10 Composting Tips That Will Keep Your Soil Healthy, According to Martha’s Head Gardener

Compost adds nutrients to your soil and improves the productivity of your garden.

<p>The Martha Blog</p> Martha

The Martha Blog

Martha's head gardener, Ryan McCallister, carrying compost tea in her greenhouse.

Martha and I are very passionate about compost. It’s the all-natural way to add nutrients to your soil and helps to improve soil structure, aeration, and water holding capacity. Compost offers a way to reuse yard and food scraps, returning them to the soil and allowing their nutrients to become available for the next generations of the garden. It is also loaded with many organisms, including worms, insects, bacteria, and fungi, creating a community of individuals that all play important roles in the health, vitality, and productivity of the garden.

On the farm, we make our own compost and primarily use it to top dress all of the garden beds in late winter and early spring while the gardens are still asleep. This gives all of the beds a clean, neat, and finished appearance. But more importantly, it supplies an immediately accessible organic supply of food and nutrients to the plants and beds, helping them get off to a great growing season. We also incorporate a heavy layer of compost in the vegetable garden. Since vegetables are fast growers and heavy feeders, compost helps to replenish spent soil in their beds.

To help you make and use compost in your own garden, here are some composting tips to keep in mind throughout the process.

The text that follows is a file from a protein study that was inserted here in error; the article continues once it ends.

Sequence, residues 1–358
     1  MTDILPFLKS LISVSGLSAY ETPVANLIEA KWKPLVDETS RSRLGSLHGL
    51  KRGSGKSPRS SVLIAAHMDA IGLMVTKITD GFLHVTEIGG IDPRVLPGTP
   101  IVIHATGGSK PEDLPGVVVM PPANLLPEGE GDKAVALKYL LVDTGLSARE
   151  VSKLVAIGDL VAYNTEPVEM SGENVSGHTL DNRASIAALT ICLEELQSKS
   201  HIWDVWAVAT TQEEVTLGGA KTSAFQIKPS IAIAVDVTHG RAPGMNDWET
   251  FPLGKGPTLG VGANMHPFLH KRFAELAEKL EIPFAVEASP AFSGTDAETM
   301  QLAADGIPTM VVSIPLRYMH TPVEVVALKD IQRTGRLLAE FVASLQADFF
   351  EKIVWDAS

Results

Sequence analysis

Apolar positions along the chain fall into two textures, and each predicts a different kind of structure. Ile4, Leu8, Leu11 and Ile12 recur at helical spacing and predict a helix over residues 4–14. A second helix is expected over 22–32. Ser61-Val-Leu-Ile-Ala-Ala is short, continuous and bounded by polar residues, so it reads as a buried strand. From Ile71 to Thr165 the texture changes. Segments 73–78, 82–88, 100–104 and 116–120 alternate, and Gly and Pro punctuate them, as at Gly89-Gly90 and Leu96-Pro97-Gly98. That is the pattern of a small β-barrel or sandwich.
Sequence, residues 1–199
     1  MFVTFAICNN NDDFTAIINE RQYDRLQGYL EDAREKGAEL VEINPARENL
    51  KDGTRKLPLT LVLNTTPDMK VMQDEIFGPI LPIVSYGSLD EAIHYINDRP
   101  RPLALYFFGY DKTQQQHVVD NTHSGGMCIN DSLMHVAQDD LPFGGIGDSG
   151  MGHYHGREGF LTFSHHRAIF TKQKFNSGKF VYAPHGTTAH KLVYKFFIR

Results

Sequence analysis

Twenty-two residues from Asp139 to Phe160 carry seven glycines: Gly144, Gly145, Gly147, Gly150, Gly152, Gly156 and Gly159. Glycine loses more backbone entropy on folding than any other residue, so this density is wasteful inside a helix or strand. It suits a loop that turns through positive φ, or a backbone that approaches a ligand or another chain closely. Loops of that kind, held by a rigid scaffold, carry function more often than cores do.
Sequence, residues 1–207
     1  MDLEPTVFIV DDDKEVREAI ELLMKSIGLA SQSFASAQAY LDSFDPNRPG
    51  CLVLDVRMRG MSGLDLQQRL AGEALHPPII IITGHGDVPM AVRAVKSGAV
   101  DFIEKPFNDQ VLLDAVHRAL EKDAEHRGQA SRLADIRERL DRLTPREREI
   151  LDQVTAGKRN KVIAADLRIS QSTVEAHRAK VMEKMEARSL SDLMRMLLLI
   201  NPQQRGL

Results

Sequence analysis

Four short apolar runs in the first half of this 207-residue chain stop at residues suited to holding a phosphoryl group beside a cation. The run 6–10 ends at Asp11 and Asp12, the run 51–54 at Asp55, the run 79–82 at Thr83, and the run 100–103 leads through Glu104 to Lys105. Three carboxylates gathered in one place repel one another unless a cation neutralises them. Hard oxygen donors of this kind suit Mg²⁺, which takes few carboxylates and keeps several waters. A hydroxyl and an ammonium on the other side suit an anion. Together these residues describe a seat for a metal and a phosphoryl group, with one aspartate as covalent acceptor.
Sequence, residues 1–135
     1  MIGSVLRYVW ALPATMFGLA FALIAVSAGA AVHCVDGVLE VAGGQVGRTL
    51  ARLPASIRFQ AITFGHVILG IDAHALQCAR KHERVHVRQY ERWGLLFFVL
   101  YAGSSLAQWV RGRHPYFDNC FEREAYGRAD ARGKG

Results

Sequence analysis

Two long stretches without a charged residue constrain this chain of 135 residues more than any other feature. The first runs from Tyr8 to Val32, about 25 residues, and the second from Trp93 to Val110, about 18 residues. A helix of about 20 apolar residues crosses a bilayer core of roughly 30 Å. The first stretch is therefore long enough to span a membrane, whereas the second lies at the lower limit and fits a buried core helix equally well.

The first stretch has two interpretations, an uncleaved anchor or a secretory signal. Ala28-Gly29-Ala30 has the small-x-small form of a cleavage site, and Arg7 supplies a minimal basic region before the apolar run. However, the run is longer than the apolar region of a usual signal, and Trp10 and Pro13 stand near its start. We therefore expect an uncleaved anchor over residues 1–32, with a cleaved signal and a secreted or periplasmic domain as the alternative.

<p>The Martha Blog</p>

The Martha Blog

Related: A Beginner's Guide to Composting—Plus, How to DIY a Compost Bin

Know the Key Components of Good Compost

Good compost is a mixture of multiple materials and should have a healthy ratio of greens and browns. Kitchen scraps, yard waste, manure, and wood chips are all materials that come together, along with many microorganisms, to create compost. Organic matter is the primary component, as one of the major reasons to compost is to give plants a natural food source.

You also want compost to have texture—although decomposed, you should still be able to see and recognize some of the materials in your compost. Holding capacity is also important—you want the compost to allow for aeration and drainage, while still being able to allow for moisture retention and air pockets, both of which not only help plant growth but are requirements.

Maintain the Right Ratio of Greens and Browns